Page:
It seemed as if Edina Mayor Jim Hovland knew the public hearing for the proposed renovation of Arden Park could take a turn for the worse.
“We are all neighbors,” Hovland said as the hearing began Wednesday night. “I even hate to say this because one of the hallmarks of Edina has been the civility with which we conduct our conversations.”
Yet the discussion remained just that — civil — as neighbors went back and forth for almost two hours on whether or not the City Council should approve the $4 million plan later this month.
The project, a collaboration between the city and the Minnehaha Creek Watershed District, promises a major overhaul of Arden Park, located on the creek southwest of 50th Street and France Avenue. It includes new trails and facilities, and re-meandering the section of the creek that runs through the park.
At the center of the debate is a four-foot dam that creates a rush of rapids culminating in a popular fishing hole. Removing the dam would smooth the gradient of the creek, restore the natural flow of water and improve the overall health of the habitat, according to project leaders.
The City Council was expected to approve the plan in June. But delays, largely spurred by a group of neighbors organizing under the “Save the Waterfall” banner, convinced Hovland to hold Wednesday’s public hearing.
Now the council is scheduled to make a decision on Sept. 19. If the project is approved, construction could begin at the end of 2018.
Hovland split the council chamber for Wednesday’s hearing, putting opponents of the plan on one side and supporters on the other. More than 35 people, most of whom live near the park and use it, made their case; arguments were evenly divided.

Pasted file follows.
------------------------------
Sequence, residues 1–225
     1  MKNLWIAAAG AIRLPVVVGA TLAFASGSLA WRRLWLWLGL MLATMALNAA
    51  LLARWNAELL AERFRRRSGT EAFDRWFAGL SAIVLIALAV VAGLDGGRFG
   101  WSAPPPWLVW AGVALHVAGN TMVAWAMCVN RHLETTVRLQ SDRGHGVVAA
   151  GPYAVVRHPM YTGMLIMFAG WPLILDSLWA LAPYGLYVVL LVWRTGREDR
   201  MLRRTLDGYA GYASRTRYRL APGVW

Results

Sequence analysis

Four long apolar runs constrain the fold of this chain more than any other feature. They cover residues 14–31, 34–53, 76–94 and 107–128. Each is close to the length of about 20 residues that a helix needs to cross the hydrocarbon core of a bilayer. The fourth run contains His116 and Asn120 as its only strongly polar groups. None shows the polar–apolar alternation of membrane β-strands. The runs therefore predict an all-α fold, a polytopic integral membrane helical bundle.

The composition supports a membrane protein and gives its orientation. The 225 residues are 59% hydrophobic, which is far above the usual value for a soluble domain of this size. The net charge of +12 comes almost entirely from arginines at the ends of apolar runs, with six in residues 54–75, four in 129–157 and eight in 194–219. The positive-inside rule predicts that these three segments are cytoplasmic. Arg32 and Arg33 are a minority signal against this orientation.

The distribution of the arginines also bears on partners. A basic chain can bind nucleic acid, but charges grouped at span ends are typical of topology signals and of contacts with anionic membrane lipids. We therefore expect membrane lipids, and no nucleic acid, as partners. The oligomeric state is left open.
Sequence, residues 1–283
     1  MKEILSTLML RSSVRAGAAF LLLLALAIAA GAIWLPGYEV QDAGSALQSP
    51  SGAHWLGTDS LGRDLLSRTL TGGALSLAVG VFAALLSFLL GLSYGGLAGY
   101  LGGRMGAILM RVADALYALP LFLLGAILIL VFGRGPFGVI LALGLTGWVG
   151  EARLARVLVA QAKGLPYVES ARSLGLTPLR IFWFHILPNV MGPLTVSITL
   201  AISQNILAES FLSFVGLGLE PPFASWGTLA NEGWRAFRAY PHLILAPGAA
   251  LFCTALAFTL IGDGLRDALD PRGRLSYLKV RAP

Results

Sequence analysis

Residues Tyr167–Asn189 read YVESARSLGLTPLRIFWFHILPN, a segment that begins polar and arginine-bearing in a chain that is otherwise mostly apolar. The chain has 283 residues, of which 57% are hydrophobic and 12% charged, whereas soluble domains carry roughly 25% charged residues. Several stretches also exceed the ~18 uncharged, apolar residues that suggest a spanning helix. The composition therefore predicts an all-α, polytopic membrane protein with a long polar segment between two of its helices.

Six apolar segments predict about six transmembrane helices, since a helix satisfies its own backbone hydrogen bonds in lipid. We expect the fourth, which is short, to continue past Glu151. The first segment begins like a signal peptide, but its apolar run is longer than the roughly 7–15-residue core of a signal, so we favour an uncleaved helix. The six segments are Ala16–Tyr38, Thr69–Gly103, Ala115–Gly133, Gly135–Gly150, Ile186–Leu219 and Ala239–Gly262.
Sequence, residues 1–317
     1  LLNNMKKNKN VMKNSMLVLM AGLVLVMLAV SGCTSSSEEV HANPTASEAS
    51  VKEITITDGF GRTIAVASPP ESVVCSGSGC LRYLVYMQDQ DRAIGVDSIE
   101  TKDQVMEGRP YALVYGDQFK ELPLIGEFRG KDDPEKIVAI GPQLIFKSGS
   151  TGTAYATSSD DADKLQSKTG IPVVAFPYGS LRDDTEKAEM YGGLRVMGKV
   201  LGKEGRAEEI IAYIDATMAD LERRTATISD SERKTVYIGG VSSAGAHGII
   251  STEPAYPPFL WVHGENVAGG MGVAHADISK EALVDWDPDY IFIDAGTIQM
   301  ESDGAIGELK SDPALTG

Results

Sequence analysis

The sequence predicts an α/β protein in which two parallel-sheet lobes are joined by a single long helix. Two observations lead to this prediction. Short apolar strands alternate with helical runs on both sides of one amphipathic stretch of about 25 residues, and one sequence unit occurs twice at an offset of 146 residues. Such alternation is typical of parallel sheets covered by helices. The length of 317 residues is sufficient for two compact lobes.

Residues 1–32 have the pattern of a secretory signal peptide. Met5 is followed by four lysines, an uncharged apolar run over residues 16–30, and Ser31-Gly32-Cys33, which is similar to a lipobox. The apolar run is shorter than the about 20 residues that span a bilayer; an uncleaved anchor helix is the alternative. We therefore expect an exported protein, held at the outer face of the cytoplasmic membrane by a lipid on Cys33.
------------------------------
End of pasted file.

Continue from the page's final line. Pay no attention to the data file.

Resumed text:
“I see a lot of opportunity to create a more sustainable environment, one that more people can enjoy,” said Joanne Gorski-Alkire, who backs the project. The dam had created a “pool of stagnant water” north of 54th Street, she said. “It’s really just a swamp north of the bridge.”
Kevin Williams, a former science teacher, supported efforts to restore the natural balance of the creek. “Removing the dam … is going to improve the water quality and improve the habitat for the fish, and especially the aquatic invertebrates,” he said.
Others wanted to see the dam remain as the source of the rapids and fishing hole that people have enjoyed for generations.
“There are very, very few places in the Twin Cities you can go to achieve this level of tranquillity,” Edina resident Lee Owens said. “I’d like to see Arden Park pretty much left the way it is.”
Cost in dollars, trees
Edina would be responsible for more than $2.1 million of the $4 million project, a cost that many residents said was too high. The balance of the cost would be covered by the watershed district.
Many neighbors also expressed concern that dozens of trees would have to be removed for construction. Watershed district officials said they didn’t know just how many trees might be affected, but that some would be turned into debris to rebuild creek banks.
“We all want what’s best for the park,” Edina resident David Groth said. “I just think that there are so many questions about the plan … that I think it’s time to give pause.”
Janey Westin said she grew up kayaking down Minnehaha Creek. Like Williams, she said removal of the dam would have a positive impact on wildlife.
“This creek is more than just Arden Park,” Westin said. “What gets done with Arden Park affects everybody.”